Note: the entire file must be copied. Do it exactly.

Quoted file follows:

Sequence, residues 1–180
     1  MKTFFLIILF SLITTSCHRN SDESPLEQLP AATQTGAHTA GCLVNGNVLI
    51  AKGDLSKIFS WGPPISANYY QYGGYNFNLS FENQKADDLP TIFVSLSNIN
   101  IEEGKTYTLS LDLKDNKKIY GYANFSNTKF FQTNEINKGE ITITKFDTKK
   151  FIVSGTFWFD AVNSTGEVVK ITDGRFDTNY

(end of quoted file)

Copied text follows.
Sequence, residues 1–180
     1  MKTFFLIILF SLITTSCHRN SDESPLEQLP AATQTGAHTA GCLVNGNVLI
    51  AKGDLSKIFS WGPPISANYY QYGGYNFNLS FENQKADDLP TIFVSLSNIN
   101  IEEGKTYTLS LDLKDNKKIY GYANFSNTKF FQTNEINKGE ITITKFDTKK
   151  FIVSGTFWFD AVNSTGEVVK ITDGRFDTNY